What could be an issue for the Panthers this week is their banged-up secondary. They’ll be without top cornerback Jaycee Horn, and it’s likely they’ll be missing their top safety Xavier Woods, too—their defensive player with the highest PFF grade.

Player to watch: Jeremy Chinn. Chinn is their box safety/nickel corner who is a key piece of their secondary. With as much as the Lions like to work the middle of the field, Chinn is the defensive piece the Lions will have to account for the most. He’s only given up 52 yards in coverage with two pass breakups, per PFF.

Advantage: Lions +1. The Lions are coming in with a healthy offensive line that should be able to mostly handle Carolina’s formidable pass rush. And with a beat-up secondary, the Lions should be able to find some open receivers. But this Panthers pass defense is certainly going to make Detroit work for it, so don’t be surprised to see underwhelming numbers this week from the passing game.

Lions run offense (6th) vs. Panthers run defense (32nd)

As someone in the comments pointed out last week, this chart is being a little adversely impacted by kneel downs. Their YPC in the Chiefs game bumps up to 3.9 if you take out the kneel downs, and against the Falcons, it would jump to 4.2, making that box green.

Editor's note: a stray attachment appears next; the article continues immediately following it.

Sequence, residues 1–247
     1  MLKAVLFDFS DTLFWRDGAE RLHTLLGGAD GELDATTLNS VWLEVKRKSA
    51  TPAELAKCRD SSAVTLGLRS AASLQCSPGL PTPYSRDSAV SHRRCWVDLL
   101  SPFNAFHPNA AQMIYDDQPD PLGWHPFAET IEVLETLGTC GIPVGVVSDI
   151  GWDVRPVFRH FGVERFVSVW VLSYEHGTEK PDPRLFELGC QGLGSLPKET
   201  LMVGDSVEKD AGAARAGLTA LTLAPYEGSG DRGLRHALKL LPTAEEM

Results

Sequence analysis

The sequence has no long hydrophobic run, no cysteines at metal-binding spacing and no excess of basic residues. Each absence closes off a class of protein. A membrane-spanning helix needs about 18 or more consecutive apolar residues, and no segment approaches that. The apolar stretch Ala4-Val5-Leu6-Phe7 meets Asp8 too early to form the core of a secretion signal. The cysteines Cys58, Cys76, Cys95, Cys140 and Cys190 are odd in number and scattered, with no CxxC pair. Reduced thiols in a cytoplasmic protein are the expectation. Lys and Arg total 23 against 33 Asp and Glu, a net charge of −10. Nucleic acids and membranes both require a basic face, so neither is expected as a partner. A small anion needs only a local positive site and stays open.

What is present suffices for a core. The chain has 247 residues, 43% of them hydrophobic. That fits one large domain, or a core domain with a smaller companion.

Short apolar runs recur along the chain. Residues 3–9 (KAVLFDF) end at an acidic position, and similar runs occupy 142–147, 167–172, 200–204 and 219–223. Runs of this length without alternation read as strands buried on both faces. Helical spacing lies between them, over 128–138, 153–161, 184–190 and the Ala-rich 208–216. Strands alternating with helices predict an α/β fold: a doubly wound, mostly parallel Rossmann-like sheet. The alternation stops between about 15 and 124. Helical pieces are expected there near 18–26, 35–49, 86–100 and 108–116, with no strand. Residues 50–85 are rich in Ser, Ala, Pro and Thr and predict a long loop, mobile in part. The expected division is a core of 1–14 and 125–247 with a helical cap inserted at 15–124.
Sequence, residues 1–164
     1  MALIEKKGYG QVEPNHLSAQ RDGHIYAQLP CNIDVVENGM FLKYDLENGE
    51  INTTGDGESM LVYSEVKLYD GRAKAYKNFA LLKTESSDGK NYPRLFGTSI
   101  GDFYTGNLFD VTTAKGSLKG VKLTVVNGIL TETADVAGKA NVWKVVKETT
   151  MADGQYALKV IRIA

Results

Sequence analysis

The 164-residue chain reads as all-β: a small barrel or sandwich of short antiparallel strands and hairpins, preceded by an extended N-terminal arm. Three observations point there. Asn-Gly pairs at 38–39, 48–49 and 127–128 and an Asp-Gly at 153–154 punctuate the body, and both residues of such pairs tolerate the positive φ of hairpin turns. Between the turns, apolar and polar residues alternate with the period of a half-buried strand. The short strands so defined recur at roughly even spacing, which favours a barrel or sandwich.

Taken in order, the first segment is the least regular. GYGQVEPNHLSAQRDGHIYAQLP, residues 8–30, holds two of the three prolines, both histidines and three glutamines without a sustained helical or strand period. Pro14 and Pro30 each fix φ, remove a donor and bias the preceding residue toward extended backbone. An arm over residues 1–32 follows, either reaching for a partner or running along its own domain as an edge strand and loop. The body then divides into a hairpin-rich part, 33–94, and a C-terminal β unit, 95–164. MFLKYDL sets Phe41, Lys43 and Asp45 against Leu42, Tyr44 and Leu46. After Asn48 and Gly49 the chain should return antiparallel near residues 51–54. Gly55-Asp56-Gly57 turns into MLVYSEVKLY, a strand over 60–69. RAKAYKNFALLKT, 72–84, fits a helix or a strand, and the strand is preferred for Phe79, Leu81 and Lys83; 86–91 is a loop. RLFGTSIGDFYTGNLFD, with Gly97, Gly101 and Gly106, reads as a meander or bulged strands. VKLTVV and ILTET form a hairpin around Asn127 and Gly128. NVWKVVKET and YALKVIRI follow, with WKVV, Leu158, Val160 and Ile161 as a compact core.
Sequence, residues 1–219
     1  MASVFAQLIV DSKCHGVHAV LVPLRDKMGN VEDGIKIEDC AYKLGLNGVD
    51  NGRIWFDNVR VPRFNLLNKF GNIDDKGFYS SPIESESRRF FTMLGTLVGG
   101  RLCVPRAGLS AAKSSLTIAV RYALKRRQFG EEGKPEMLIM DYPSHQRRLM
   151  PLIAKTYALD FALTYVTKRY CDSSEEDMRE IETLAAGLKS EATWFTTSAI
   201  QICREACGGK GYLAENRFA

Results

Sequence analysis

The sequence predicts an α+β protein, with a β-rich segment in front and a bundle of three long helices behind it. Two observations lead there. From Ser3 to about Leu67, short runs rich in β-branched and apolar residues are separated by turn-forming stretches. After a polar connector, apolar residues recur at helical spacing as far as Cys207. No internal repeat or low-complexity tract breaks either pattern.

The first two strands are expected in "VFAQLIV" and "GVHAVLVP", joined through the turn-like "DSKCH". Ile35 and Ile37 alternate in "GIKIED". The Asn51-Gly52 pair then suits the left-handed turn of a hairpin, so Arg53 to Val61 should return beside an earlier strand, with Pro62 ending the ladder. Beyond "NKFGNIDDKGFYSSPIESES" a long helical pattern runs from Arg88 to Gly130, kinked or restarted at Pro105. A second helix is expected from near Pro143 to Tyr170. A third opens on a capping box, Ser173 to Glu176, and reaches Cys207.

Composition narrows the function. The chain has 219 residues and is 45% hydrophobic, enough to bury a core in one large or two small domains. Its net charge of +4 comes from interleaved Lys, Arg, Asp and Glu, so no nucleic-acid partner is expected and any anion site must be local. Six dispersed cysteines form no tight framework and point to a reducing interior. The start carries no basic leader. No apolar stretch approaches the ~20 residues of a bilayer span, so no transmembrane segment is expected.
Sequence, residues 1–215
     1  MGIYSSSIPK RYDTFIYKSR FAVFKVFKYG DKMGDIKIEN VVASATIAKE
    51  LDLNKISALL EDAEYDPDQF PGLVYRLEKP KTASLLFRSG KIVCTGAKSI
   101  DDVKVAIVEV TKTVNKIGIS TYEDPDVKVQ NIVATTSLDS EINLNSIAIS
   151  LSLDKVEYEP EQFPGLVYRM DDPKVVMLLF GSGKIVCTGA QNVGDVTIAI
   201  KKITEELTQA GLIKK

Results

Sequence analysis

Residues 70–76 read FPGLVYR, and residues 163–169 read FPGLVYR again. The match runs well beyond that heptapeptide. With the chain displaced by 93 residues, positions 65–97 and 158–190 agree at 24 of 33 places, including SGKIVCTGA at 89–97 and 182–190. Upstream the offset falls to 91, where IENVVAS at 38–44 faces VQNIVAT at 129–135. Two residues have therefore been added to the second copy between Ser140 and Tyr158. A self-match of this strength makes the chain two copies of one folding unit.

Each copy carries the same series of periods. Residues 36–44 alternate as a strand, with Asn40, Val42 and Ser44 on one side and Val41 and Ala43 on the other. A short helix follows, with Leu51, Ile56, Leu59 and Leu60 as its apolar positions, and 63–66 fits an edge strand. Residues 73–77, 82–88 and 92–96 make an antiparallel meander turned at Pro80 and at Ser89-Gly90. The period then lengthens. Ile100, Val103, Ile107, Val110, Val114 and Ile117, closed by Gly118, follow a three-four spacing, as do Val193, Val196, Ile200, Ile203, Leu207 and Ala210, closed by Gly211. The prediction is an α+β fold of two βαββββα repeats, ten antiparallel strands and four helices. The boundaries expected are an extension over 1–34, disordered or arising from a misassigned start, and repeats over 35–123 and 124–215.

This is why I love DVOA so much, because it basically renders kneel downs a non-play, and that explains why Detroit’s running game—despite a low team yards per carry (4.0, 19th)—is actually one of the best rushing attacks in football.

David Montgomery has been low-key outstanding in creating yards where they aren’t there. He’s currently first in broken tackles (12) and is seventh in rushing success rate (55.1%).

That said, offensive coordinator Ben Johnson more or less said that the offensive line needs to do a better job creating space for Montgomery to get more yards before contact.

“We haven’t hit our stride yet offensively through four games,” Johnson said. “He’s doing all this and yet, I don’t know that he’s averaging over four yards a carry yet, so we have to do a little better job upfront on a consistent basis.”

The advanced statistics are mixed on that statement. The Lions rank 19th in run block win rate, but fourth in PFF grade and eighth in adjusted line yards. One thing is for certain, though, they need to be better on the edges. Tight end Brock Wright has a team-low 39.5 run blocking PFF grade, while Taylor Decker is a disappointing 55.2.

It’s interesting that both in our 5 Questions preview and our preview podcast, Panthers writers have insisted that the run defense isn’t as bad as it statistically looks. As someone who values statistics, I simply cannot buy it. Just about every single data point highlights this as one of the worst run defenses in the league.